AN OPEN LETTER TO CHANCELLOR KLEIN

Philip Howard’s op-ed article of 12/3 was prompted by the NYS Court panel which called for an “extra $5.6 billion annually to be spent on students” and a one-time expenditure of “$9.2 billion on new classrooms, libraries and other facilities.” Mr. Howard is worried that these additional billions of dollars will be spent – and like water on ducks’ backs it will all be washed down leaving no trace behind. Mr. Howard cited the example of Kansas, Mo., where $2 billion was spent raising the student-ratio to 13-to-1, and still the result was only a “little improvement.”

I, too, am extremely worried that in NYC the expenditure of $5.6 B plus $9.2 B called for, will be washed down the proverbial ducks’ backs unless we institute significant reforms.

A NYT article of Nov 19th cited Chancellor Klein as saying that 86 per cent of the public high schools are deemed “relatively undesirable” by parents and students. Thus, the problem of school choice which the Dept of Education assiduously promotes is meaningless. Too many students chasing too few good schools. Eva Moskovitz , chairperson of the City Council’s Education committee says the problem is not school choice but a need for many more better schools.

A worthy proposal that merits the expenditure of $14.8 billion is my proposal that calls for an expansion of the magnet high school system.

NYC has had a three-schools-only magnet policy (Stuyvesant, Bronx Science, Brooklyn Tech.) for the last thirty years with a combined total enrollment of just 10,000 – and only two years ago the City expanded the system to a six-schools-only policy, which provides for a total increase of 1500. All told, only 12,000 students are provided seats in public magnet high schools.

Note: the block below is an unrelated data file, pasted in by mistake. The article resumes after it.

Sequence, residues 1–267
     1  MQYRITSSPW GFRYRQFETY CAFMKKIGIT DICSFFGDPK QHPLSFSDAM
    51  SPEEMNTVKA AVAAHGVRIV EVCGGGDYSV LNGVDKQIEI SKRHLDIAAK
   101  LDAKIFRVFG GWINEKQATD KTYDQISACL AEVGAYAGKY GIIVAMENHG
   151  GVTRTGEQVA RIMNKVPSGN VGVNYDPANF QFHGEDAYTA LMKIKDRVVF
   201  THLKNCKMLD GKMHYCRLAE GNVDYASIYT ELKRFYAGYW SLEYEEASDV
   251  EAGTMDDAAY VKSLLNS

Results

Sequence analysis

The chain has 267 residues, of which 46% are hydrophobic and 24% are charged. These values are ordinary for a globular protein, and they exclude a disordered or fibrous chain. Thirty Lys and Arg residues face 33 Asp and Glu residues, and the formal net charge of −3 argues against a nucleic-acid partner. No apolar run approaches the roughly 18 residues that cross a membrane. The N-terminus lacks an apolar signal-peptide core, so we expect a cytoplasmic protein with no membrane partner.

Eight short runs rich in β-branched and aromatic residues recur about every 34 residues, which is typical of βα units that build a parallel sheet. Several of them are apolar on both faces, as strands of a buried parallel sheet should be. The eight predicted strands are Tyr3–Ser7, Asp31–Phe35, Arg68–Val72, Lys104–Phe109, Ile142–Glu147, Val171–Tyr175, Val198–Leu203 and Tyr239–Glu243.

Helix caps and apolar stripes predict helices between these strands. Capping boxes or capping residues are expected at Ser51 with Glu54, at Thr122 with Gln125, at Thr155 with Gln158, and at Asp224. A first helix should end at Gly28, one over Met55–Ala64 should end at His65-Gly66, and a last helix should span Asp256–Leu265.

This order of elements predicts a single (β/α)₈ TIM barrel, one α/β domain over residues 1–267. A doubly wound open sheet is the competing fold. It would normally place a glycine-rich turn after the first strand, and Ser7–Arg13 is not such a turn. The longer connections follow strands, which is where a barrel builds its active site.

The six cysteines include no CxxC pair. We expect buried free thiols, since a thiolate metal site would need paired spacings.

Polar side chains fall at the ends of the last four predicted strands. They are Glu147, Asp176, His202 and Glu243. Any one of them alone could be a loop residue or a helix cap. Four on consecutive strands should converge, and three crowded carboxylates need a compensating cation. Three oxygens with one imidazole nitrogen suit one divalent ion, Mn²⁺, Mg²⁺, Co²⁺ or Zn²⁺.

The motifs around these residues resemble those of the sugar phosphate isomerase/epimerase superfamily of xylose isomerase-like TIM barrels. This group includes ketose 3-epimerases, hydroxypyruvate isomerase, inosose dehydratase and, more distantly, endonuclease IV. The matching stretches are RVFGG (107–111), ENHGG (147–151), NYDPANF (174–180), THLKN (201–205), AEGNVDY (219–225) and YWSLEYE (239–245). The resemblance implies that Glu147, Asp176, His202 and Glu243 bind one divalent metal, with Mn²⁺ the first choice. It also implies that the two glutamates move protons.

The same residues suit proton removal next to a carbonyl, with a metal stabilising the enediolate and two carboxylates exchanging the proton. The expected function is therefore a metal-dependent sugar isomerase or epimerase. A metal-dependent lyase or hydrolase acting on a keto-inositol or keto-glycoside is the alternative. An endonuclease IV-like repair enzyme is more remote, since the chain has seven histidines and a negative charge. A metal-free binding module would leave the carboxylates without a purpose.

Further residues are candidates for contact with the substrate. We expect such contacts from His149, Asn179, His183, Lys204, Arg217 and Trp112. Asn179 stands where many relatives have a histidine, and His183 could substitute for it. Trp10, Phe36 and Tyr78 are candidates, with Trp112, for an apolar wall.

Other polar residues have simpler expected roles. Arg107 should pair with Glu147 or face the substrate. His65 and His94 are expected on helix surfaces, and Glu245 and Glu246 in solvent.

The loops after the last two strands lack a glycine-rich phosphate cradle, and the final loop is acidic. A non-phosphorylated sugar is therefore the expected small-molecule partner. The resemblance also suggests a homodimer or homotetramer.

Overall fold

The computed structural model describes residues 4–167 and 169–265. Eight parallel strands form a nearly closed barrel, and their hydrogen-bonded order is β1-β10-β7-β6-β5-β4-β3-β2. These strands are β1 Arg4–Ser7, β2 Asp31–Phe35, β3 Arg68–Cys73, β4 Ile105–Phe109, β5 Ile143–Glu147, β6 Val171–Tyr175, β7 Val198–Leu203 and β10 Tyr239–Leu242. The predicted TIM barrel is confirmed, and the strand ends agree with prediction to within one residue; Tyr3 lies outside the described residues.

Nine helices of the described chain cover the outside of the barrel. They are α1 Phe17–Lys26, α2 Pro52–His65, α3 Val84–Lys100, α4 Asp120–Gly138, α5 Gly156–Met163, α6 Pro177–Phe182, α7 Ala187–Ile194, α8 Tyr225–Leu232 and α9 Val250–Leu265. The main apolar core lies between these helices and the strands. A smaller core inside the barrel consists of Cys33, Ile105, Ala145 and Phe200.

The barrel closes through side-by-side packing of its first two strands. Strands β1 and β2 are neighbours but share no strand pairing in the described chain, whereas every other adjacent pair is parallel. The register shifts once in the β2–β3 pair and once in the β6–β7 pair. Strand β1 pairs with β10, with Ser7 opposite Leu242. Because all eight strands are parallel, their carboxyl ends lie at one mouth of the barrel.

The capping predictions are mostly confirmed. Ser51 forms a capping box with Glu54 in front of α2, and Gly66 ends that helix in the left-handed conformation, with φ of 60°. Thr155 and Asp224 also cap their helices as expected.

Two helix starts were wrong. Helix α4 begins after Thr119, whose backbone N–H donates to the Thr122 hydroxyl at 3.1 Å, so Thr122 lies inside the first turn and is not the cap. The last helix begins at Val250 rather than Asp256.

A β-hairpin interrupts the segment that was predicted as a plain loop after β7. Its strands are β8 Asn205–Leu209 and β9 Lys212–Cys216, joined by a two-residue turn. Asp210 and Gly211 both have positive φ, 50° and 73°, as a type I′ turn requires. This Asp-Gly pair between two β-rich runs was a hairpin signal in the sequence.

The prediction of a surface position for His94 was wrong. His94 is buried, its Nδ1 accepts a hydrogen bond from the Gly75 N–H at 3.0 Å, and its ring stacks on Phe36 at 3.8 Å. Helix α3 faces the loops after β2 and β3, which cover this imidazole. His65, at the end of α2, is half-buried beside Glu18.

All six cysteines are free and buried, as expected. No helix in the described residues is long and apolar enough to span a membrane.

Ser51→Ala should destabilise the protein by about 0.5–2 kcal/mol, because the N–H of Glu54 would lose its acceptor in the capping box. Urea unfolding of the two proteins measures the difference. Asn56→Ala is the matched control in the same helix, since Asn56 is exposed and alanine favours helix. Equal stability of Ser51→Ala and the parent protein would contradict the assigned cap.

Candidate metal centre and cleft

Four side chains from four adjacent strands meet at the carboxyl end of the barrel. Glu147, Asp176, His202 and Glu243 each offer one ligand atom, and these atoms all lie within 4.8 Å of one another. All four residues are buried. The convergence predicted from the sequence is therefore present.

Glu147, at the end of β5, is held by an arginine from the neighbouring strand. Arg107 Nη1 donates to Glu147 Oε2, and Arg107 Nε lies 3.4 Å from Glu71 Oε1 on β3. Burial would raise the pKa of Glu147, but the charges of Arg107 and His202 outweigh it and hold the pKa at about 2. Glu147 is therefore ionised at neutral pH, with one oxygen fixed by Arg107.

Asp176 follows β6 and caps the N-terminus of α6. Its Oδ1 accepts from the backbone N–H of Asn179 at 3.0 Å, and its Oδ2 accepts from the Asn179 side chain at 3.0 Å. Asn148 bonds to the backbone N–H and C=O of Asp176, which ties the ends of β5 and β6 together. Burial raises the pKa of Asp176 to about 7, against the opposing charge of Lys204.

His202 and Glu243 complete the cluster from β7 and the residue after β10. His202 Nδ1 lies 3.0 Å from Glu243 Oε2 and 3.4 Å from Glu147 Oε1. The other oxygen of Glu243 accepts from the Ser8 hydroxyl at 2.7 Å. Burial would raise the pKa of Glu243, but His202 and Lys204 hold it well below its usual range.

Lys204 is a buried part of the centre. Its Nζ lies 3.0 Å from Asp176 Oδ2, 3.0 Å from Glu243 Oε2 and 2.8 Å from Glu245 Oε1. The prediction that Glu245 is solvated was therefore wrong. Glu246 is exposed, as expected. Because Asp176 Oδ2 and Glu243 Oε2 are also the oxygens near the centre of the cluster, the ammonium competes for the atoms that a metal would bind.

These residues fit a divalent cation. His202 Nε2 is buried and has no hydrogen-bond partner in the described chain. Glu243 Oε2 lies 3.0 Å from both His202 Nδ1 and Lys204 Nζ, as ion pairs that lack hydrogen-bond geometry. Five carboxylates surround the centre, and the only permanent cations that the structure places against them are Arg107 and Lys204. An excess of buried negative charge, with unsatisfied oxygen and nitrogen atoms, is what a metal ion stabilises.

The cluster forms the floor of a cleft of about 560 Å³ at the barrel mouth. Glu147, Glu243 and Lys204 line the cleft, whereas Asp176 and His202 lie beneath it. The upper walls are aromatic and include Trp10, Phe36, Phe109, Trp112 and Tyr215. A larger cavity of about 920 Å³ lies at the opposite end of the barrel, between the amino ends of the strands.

In the City’s public high school system of 300,000 (9th - 12th grades), only 4 per cent of our kids can find seats in the magnet system. Tens of thousands of very able and earnest students are shut out from the system, thus depriving them of a chance to get a first rate high school education. Let’s take the $14.8 billion and build a system of 40 second tier magnet high schools based on the following principles:

(1) One school for each of 40 school districts to serve the students of that district only.

(2) Each school’s enrollment to be limited to 1,500. Schools of 3,000 to 4,000 inner city kids are counter productive.

(3) Admission to be based on students scores within a band of the second highest percentile grades on the 8th and 9th grade test – the same test used for the first tier magnets.

If this proposal is accepted and implemented, we shall increase seats in first class high schools by 60,000 – and this is precisely what Eva Moskowitz is calling for (“more better schools”) – and at the same we shall be throwing a lifeline and rescuing 60,000 students from a system of dysfunctional high schools.